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== PostgreSQL Weekly News - October 16 2016 ==

From: David Fetter <david(at)fetter(dot)org>
To: PostgreSQL Announce <pgsql-announce(at)postgresql(dot)org>
Subject: == PostgreSQL Weekly News - October 16 2016 ==
Date: 2016-10-16 22:26:44
Message-ID: (view raw or whole thread)
Lists: pgsql-announce
== PostgreSQL Weekly News - October 16 2016 ==

== PostgreSQL Jobs for October ==

== PostgreSQL Local ==

PostgreSQL Conference Europe will take place in Tallin, Estonia, on
November 1-4, 2016.  The schedule has been published.

PGDay Austin 2016, will take place on November 12, 2016.  Submission deadline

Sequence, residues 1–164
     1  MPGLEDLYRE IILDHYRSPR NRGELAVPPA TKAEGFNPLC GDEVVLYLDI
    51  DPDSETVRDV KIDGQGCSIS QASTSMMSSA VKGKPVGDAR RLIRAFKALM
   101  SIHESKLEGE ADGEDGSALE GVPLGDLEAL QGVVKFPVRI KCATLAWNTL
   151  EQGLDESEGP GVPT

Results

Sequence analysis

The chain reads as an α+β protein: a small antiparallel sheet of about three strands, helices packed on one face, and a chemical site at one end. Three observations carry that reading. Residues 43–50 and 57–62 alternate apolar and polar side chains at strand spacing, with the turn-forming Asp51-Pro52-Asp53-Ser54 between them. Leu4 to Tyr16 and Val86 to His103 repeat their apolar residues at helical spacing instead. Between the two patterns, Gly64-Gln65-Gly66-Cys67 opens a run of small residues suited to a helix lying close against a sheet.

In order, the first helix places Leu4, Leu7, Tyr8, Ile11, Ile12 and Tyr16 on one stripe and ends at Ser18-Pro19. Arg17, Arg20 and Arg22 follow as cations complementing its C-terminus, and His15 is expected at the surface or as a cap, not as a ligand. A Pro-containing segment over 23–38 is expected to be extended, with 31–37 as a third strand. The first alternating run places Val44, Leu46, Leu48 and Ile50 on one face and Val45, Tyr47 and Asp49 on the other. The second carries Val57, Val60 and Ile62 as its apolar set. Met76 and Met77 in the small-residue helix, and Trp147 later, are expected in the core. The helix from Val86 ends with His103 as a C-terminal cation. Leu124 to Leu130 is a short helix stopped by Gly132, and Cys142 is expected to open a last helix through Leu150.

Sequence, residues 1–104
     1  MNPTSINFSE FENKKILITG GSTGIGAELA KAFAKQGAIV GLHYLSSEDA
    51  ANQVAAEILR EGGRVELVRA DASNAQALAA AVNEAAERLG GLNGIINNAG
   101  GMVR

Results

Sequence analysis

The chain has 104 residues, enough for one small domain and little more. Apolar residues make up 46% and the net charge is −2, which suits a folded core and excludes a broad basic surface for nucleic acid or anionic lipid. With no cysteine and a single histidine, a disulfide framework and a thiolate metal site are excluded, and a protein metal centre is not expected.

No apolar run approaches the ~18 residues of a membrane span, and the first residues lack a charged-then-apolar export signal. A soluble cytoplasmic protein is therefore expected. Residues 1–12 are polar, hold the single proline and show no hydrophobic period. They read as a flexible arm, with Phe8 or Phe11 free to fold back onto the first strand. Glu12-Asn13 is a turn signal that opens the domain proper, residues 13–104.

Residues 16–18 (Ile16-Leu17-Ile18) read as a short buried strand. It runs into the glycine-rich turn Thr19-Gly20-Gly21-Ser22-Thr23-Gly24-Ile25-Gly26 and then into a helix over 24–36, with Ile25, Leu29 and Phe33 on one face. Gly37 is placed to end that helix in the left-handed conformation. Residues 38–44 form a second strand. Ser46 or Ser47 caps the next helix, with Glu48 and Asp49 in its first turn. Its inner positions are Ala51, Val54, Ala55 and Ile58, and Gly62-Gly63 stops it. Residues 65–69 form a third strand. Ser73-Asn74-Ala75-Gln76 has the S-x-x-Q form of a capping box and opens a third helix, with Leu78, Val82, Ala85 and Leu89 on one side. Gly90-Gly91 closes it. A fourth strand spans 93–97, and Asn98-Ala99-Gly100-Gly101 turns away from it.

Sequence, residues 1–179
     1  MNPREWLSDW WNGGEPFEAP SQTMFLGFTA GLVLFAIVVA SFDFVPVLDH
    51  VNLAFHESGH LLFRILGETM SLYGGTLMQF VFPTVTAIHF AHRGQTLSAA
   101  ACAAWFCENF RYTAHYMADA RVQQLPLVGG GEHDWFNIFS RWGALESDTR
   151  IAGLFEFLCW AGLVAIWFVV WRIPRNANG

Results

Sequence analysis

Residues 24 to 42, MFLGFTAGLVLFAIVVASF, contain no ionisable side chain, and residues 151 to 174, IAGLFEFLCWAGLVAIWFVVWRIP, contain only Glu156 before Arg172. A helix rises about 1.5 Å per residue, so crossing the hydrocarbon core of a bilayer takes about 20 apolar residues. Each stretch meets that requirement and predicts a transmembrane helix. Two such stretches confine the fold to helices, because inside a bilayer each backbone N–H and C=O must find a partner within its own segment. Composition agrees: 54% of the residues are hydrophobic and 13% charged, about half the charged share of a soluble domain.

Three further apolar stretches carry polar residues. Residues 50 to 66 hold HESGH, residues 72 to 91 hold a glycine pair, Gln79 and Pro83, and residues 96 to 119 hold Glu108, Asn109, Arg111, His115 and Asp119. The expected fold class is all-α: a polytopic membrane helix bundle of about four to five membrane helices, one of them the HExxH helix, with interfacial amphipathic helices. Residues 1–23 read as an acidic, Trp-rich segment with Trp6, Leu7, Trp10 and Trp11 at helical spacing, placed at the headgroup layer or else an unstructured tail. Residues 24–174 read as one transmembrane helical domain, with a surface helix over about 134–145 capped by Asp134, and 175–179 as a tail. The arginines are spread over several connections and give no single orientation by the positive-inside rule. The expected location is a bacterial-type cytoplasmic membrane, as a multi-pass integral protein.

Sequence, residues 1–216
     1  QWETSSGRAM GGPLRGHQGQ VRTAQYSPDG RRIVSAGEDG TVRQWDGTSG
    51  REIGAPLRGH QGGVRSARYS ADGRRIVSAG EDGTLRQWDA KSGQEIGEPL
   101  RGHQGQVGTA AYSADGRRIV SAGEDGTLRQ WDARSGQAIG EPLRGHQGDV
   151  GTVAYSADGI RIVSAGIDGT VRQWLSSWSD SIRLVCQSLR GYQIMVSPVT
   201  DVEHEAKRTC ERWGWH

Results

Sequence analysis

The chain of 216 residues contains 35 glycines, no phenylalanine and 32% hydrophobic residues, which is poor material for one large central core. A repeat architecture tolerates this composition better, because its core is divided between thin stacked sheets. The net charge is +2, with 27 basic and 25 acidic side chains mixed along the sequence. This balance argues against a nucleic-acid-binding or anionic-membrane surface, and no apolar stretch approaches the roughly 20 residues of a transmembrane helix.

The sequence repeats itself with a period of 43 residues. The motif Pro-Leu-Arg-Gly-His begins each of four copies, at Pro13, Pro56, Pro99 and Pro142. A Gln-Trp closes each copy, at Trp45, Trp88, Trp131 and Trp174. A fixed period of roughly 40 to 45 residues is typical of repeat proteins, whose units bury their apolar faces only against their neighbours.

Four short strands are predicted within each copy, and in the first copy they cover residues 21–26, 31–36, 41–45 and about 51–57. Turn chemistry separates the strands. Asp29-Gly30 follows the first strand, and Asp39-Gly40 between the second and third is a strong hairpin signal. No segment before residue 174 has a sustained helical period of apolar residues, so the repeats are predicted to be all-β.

is September 21, 2016 by midnight CST.  Details and submission form at:

PgConf Silicon Valley 2016 will be held on November 14-16, 2016.

CHAR(16) will take place in New York, December 6, 2016.

PGDay.IT 2016 will take place in Prato on December the 13th 2016.

== PostgreSQL in the News ==

Planet PostgreSQL:

PostgreSQL Weekly News is brought to you this week by David Fetter

Submit news and announcements by Sunday at 3:00pm Pacific time.
Please send English language ones to david(at)fetter(dot)org, German language
to pwn(at)pgug(dot)de, Italian language to pwn(at)itpug(dot)org(dot)

== Applied Patches ==

Peter Eisentraut pushed:

- Add a noreturn attribute to help static analyzers

Heikki Linnakangas pushed:

- Remove some unnecessary #includes.  Amit Langote

- Simplify the code for logical tape read buffers.  Pass the buffer size as
  argument to LogicalTapeRewindForRead, rather than setting it earlier with the
  separate LogicTapeAssignReadBufferSize call.  This way, the buffer size is set
  closer to where it's actually used, which makes the code easier to understand.